Many Louisiana homeowners ineligible for recovery funds after the 2016 floods are closer to accessing long-desired aid, state officeholders lauded Thursday.
Officials with the Restore Louisiana program praised Congress’ vote this week to dislodge a “duplication of benefits” penalty that disqualified roughly 6,000 homeowners from flood recovery grants.
“Finally, common sense prevailed,” said Nick Speyrer, outreach manager for Restore Louisiana. “I think it’s great news for thousands of Louisianans.”
Immediately after the August 2016 floods, FEMA officials told Louisiana residents that low-interest Small Business Administration loans could help with repairs. Many applicants took out the loans not realizing that doing so would block them from getting Restore Louisiana grants.
“A homeowner should not be penalized for doing the responsible thing by applying for an SBA loan, to speed up the recovery effort,” Speyrer said.
The Senate passed the fix Wednesday in a 93-6 vote, following similarly widespread support in the House last week.
The Louisiana delegation on Capitol Hill — as well as Gov. John Bel Edwards — had sought a fix for some two years. Aiming to bolster chances of passage, lawmakers wrapped the fix into the same legislative package meant to keep planes flying. The legislation re-authorizes the Federal Aviation Administration and gives $1.7 billion to the Carolinas, hit hard by Hurricane Florence last month.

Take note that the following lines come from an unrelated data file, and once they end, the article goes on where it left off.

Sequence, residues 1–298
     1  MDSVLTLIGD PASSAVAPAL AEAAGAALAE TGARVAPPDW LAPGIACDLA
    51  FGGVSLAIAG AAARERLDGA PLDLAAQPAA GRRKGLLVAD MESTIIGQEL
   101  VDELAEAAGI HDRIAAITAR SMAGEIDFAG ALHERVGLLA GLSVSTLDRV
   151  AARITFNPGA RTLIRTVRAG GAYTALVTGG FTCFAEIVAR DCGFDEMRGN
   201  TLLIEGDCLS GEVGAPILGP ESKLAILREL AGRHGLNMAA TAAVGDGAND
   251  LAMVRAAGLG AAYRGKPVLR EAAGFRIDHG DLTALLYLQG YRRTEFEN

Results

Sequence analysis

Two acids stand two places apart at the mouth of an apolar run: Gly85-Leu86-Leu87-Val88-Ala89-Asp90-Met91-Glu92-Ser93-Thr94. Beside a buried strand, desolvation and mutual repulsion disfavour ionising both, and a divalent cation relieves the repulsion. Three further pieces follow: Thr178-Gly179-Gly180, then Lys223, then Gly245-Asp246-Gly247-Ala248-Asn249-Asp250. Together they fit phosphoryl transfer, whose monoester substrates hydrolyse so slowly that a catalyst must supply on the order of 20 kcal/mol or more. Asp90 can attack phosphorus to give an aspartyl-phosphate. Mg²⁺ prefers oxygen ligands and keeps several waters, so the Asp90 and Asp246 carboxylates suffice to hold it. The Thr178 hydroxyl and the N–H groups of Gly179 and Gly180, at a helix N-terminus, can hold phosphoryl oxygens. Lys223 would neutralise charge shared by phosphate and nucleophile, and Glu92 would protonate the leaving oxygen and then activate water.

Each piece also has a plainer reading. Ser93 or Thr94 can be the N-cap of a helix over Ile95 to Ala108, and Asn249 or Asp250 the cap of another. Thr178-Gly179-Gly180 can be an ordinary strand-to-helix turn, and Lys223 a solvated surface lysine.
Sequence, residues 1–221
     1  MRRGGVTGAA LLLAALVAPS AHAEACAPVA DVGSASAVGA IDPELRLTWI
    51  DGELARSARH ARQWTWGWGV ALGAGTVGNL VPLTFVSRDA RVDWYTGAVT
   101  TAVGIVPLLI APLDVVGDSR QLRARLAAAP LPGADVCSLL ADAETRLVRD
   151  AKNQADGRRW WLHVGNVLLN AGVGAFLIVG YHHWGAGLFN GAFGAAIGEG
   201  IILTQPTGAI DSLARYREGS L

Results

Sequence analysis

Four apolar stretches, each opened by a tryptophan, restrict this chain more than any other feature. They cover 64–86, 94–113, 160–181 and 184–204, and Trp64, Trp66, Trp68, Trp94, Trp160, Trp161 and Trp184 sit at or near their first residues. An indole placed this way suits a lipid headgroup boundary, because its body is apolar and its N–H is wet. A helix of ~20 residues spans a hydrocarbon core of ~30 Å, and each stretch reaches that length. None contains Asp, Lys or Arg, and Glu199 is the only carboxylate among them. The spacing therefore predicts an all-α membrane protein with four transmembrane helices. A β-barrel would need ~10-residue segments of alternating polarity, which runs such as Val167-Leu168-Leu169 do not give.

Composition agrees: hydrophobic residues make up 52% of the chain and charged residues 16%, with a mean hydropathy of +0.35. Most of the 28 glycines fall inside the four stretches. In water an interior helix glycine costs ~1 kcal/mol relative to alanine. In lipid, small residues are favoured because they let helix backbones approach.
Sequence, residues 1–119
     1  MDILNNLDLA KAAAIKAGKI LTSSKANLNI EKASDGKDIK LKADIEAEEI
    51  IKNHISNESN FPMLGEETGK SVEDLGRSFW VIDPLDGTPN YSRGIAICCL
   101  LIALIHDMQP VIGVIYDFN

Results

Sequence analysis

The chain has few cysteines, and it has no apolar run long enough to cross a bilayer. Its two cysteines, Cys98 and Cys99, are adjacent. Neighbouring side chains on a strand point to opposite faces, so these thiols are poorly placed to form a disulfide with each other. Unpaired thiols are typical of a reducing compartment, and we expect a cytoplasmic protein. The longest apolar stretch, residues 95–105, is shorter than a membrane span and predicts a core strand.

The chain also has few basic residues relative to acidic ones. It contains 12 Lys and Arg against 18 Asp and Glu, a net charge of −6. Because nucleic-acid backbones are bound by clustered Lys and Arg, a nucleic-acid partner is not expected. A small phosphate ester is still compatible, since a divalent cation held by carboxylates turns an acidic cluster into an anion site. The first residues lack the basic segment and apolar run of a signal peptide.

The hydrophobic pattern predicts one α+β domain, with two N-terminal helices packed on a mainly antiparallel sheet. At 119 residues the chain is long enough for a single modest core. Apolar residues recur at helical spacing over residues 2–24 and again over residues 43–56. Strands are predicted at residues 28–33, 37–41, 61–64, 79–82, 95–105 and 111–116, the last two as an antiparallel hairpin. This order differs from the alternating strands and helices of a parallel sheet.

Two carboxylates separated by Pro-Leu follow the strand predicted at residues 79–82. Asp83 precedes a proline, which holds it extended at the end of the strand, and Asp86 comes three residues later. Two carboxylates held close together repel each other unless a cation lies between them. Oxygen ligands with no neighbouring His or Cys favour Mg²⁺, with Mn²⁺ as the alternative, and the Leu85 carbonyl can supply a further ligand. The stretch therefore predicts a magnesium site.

“I’m happy families will have what they need to complete their recovery,” Sen. Bill Cassidy (R-Louisiana) said in a statement. “We can’t do away with the flood, but we can do everything we can to get those families back to the way they were before the flood.”
The change now goes to President Trump for a signature. Edwards anticipates White House support.
“If and when that happens — and we’re optimistic — you’re going to see us move forward very quickly with the Restore program, to make sure those homeowners are receiving the community development block grant funding that they had been denied thus far,” the governor told reporters.
Expecting the bureaucratic adjustment to pass, Edwards reopened the Restore Louisiana application window last week. Homeowners have until Oct. 19 to complete an initial 15-minute survey and until Nov. 16 to apply.
So far, 54,330 residents have submitted Restore Louisiana homeowner surveys. The program has processed more than 38,400 applications. Officials have granted awards to roughly 14,430 residents totaling more than $491 million.